The Nile

An Encyclopedia of Geography, History, and Culture

by John A. Shoup


Without the Nile, ancient civilizations in Egypt would have never flourished, and the path of human civilization would likely have been radically different.

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Cover image for The Nile

May 2017


Pages 420
Volumes 1
Size 7x10
Topics Geography and World Cultures/Physical Geography and Environment
  World History/Environment

This book provides an avenue for students to explore the Nile—the world's longest river—and better understand its larger role in society in the past, present, and future.

The Nile River has been the most important natural resource for Egyptians and other Africans who live along its shores for thousands of years, bringing life to an otherwise arid and bleak desert region. Without the Nile, civilizations in Egypt could not have achieved such success. The physical, cultural, religious, and political impacts of this mighty riverway are enormous. This one-volume encyclopedia explores a breadth of topics related to the Nile River, from ancient irrigation techniques to 19th-century exploration and from current environmental controversies to concerns regarding man-made Lake Nasser. Readers will be able to explore beyond the physical aspects of the world's longest river to achieve an understanding of the Nile River's larger role in society.

After a preface and introduction that provides general background information on the source, tributaries, and mouth of the Nile, the encyclopedia presents thematic essays that cover topics such as the Nile's physical geography; history; environmental issues and controversies; culture, religion, and legend; and politics. More than 100 entries cover key individuals, specific locations, geology and structure, significant expeditions, gods and deities, and folklore related to the Nile. In addition, the work provides an appendix of primary document excerpts from explorers' journals and more recent legislation on damming as well as an appendix of place names, interesting sidebars, and a helpful chronology of key events.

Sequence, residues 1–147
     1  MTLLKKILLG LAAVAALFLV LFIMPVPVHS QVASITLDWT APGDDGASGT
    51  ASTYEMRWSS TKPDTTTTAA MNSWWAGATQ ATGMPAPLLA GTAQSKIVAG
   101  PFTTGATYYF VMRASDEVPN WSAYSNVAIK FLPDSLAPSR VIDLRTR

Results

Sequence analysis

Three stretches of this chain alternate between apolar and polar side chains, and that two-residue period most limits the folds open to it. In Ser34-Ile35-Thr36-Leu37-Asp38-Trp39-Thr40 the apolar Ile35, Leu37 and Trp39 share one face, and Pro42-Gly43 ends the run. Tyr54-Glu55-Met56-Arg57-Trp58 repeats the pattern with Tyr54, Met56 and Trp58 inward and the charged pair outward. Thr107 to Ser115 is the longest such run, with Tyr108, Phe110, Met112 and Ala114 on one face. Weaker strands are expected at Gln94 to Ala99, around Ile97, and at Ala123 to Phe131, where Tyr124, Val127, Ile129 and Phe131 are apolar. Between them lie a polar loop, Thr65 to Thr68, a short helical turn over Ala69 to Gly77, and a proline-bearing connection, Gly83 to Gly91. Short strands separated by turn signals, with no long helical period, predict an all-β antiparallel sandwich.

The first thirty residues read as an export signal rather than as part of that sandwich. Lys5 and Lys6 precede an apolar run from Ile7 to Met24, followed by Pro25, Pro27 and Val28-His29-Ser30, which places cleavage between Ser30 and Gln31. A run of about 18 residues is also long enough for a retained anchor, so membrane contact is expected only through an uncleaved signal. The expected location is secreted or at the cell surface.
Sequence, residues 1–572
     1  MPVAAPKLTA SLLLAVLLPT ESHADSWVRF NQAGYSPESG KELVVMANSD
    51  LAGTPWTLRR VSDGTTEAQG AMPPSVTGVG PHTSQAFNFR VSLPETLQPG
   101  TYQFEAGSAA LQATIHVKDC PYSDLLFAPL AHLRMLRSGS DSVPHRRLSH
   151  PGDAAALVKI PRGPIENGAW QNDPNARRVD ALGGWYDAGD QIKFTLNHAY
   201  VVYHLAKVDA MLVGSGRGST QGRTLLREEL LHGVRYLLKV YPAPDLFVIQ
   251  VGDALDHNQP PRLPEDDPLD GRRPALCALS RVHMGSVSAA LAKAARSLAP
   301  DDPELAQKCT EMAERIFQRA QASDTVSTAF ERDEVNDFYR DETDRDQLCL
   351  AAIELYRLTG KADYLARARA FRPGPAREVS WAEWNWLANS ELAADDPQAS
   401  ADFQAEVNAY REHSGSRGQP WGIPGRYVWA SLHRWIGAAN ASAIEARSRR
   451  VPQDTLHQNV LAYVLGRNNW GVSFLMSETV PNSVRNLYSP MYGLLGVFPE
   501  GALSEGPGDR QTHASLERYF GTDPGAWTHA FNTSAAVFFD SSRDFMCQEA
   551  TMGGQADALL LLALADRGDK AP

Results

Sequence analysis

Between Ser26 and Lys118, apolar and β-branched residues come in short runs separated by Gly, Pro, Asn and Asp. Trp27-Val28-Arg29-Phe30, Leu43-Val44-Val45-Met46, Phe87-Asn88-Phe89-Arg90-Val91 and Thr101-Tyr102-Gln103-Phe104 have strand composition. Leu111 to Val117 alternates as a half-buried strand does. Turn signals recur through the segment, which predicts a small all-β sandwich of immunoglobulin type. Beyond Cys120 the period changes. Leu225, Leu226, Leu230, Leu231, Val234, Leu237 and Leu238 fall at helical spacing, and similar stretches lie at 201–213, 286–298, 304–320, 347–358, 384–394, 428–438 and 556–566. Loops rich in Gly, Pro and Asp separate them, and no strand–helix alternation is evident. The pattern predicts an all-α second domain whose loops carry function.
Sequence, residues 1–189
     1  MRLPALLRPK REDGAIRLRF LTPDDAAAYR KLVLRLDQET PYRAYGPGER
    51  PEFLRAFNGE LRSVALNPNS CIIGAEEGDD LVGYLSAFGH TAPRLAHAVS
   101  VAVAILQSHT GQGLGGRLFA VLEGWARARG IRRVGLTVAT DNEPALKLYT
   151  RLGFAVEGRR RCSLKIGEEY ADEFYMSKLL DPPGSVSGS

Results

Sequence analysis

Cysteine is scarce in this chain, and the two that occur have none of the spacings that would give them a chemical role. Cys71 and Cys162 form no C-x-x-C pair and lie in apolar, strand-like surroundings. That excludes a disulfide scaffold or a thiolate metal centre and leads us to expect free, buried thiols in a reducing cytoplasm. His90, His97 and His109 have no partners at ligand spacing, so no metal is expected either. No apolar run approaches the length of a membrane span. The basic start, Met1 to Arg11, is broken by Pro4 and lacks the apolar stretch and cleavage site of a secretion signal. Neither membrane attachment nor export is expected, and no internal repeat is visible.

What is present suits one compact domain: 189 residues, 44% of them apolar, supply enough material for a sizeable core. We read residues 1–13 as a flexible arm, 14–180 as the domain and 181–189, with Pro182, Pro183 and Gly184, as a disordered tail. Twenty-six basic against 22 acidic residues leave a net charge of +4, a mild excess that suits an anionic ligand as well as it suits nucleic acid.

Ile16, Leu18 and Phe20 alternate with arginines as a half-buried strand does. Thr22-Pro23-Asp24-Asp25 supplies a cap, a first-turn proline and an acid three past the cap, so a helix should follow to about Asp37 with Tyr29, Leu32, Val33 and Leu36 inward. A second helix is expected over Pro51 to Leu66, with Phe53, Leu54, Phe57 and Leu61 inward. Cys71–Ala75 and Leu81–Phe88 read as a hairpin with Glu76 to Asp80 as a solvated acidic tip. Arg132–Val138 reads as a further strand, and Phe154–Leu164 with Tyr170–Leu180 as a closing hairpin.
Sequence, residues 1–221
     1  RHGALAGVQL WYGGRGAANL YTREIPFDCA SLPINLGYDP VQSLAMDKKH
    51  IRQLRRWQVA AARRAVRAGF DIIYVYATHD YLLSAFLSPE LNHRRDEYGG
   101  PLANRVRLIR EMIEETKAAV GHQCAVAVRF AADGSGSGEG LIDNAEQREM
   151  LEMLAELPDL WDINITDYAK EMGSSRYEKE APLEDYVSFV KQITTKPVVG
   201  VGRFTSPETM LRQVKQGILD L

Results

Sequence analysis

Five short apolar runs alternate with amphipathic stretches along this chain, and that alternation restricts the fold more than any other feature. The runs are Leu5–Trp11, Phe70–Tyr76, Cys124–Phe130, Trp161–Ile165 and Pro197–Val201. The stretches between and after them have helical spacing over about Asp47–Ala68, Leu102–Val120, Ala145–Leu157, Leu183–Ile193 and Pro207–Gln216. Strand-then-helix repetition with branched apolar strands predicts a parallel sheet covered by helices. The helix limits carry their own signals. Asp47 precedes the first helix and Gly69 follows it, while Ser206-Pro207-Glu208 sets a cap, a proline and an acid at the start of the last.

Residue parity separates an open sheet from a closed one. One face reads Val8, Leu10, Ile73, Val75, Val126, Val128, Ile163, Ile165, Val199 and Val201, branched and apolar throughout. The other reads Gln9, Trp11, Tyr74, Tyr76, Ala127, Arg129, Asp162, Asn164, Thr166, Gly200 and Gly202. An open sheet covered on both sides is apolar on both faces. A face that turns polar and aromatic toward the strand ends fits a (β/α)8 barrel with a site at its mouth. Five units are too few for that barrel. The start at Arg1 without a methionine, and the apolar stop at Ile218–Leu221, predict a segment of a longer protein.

• Presents primary documents that allow students to delve deeper into the past and more recent political history of the Nile and serve librarians and teachers in their support of curricula standards
  • Combines historical, cultural, and geographical perspectives on the Nile River—in the long-ago past through to modern day—into one comprehensive reference work
  • Contains additional features, such an appendix of place names and a glossary of terms, that provide ready-reference material
Author Info

John A. Shoup is associate professor of anthropology at Al Akhawayn University in Ifrane, Morocco. His published works include Greenwood's Culture and Customs of Jordan and Culture and Customs of Syria. Shoup was one of the main authors and editors for Saudi Arabia and the Gulf Arab States Today: An Encyclopedia of Life in the Arab States.



"This comprehensive volume provides information to allow a deeper understanding of the past and recent political history of the Nile. . . . An excellent choice for students and teachers looking for historical, cultural, and geographical perspectives on the Nile."Booklist

"This book provides an excellent, general overview of the Nile region and is suitable for all beginning researchers. Includes illustrations, photos, and an extensive bibliography. Summing Up: Recommended. High school and lower-level undergraduate students; general readers."Choice

"Lovers of ancient Egyptian and African history will enjoy learning more about this important natural resource."Library Journal

"This book discusses the Nile River, from its beginnings in Lake Victoria and Lake Tana in Ethiopia. . . . Recommended."ARBA

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